July 21, 2016



Medium Makes them Seem Modern
BY MARTY SWANT | July 20th 2016
Brands trying out virtual reality as part of a marketing strategy might be wary about whether spending on the emerging platform is worth it. But new research suggests the investment could be paying off in brand affinity and increased purchases.
Greenlight VR released results this week from its survey of 1,300 adults that found the majority of consumers—71 percent of them—feel that VR makes brands seem “forward-thinking and modern.” However, there’s even better news for brands’ bottom lines: 53 percent of respondents said they’d be more likely to purchase from a brand that uses VR than from one that doesn’t.

“We’re seeing specific VR activities have unique emotional footprints, offering fascinating insights for those who are considering their VR strategies,” Steve Marshall, SVP of Research and Consulting for Greenlight VR, said in a statement announcing the findings. “For example, among our sample, watching a live broadcast event in virtual reality generates significantly higher ratings of positive emotions such as ‘happy’ and ‘energetic’ when compared with playing a VR video game.”

Even those who have never experienced VR had good things to say about the technology, with 91 percent reporting positive feelings after watching an informational video about it. Among those who haven’t tried VR, 65 percent were interested, 32 percent were surprised at what it could do, 25 percent felt “happy” and 58 percent reported being “amazed.”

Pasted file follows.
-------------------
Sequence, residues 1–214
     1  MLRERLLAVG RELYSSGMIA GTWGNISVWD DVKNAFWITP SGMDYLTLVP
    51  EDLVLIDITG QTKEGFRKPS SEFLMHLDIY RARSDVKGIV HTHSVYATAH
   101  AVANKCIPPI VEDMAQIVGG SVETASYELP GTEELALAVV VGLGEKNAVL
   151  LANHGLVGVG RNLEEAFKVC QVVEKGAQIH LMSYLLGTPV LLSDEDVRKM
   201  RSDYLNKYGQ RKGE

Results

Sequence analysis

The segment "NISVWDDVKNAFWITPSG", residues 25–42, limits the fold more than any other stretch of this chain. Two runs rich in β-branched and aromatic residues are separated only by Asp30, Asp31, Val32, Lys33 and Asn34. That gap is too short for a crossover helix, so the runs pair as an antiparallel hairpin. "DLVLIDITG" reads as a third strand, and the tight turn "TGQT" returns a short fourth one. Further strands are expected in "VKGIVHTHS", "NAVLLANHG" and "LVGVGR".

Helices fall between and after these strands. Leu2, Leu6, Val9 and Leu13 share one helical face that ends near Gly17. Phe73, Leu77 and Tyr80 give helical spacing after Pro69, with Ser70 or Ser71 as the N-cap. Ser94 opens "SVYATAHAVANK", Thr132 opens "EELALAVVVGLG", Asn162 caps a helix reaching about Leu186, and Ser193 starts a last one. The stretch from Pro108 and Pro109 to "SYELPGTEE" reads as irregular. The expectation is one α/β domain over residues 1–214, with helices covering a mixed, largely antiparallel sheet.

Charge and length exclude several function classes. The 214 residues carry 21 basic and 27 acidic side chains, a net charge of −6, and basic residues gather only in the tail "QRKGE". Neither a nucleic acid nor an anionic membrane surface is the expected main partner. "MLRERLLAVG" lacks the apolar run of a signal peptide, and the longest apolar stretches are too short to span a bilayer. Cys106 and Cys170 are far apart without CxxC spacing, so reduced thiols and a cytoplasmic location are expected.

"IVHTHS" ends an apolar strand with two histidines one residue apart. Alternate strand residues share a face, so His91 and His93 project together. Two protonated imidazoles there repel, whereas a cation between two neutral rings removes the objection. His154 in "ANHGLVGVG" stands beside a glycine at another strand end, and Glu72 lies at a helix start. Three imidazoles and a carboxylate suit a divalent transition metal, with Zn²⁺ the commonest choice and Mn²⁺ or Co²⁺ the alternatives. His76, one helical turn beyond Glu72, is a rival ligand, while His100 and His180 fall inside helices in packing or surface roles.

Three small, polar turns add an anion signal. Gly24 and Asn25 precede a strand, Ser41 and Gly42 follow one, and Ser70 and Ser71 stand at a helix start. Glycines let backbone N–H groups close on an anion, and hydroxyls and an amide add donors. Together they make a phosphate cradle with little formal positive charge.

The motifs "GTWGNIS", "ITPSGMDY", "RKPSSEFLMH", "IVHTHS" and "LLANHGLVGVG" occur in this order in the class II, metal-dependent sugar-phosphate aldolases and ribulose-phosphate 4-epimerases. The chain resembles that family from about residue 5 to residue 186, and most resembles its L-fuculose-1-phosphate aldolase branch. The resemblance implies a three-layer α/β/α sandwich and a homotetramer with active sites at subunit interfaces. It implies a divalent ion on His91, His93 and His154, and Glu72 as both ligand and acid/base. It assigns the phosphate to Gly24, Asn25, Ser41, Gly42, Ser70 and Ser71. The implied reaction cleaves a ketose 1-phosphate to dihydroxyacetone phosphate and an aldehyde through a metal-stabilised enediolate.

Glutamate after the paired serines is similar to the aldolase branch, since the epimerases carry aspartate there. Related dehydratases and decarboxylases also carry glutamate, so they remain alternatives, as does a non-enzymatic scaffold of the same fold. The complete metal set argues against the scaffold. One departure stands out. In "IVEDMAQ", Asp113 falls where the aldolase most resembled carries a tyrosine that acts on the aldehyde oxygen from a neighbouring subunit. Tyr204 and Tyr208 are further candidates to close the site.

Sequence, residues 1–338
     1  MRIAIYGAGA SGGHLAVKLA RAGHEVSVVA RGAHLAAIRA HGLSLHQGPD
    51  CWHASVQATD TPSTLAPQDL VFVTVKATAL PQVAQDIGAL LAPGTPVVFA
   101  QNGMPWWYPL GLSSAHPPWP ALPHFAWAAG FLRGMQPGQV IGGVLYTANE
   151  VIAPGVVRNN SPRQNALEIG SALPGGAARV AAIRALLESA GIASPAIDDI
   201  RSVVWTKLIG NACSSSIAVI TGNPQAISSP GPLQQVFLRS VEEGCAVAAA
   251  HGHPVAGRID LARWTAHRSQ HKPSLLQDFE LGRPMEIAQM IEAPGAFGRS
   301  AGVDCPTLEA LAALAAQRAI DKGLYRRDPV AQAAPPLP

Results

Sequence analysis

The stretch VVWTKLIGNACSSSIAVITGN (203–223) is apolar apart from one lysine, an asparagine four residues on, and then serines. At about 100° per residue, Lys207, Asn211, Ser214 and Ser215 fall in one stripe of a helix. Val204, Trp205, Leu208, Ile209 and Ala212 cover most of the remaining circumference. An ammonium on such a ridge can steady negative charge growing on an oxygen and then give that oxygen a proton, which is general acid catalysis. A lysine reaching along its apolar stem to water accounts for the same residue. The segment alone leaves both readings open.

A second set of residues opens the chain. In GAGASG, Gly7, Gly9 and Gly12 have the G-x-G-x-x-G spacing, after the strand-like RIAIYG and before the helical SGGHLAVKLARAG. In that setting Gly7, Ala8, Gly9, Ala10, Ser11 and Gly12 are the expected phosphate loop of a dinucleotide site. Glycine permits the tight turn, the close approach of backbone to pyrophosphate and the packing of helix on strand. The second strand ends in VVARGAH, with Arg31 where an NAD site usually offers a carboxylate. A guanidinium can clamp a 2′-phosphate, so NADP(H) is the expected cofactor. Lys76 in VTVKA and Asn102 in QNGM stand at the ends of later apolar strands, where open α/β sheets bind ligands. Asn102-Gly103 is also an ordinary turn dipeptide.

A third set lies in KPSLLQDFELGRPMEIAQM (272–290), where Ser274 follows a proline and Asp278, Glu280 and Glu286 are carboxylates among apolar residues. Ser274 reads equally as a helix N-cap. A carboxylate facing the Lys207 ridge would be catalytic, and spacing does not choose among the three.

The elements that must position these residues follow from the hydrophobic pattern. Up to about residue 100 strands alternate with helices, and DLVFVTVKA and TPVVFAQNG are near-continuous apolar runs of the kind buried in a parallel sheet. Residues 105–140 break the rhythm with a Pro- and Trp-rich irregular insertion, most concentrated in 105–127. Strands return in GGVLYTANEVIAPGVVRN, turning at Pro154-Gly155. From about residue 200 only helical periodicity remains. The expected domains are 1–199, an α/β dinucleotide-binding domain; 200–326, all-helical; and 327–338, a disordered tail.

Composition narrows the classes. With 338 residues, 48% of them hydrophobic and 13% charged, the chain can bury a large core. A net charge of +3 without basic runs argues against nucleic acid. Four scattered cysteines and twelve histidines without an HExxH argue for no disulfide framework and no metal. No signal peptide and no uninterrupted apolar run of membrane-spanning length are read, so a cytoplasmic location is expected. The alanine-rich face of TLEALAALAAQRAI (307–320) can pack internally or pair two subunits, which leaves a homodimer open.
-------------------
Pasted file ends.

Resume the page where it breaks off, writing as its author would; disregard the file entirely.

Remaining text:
Brands in a variety of industries have been trying out virtual reality. Last year, The North Face used a virtual dog-sledding experience to help sell winter coats in South Korea. This spring, during South by Southwest, McDonald’s developed an HTC Vive experience that let users paint their own Happy Meal boxes. And just this month, United Airlines has taken to the road with Oculus Rift headsets to tout its new Polaris business class.

The VR industry could be in the midst of its first $1 billion year, according to a report from Deloitte Global, with around $700 million coming from hardware sales and the rest coming from content.

“Greenlight VR has been researching consumer sentiment toward virtual reality since 2014, and this is our most conclusive study yet, tying together attitudes and intended action with branded experience exposure,” wrote Greenlight VR CEO Clifton Dawson. “If the recent success of Pokemon Go isn’t enough, this data provides concrete evidence to experience marketers who are currently designing for the new experience economy.”


July 7, 2016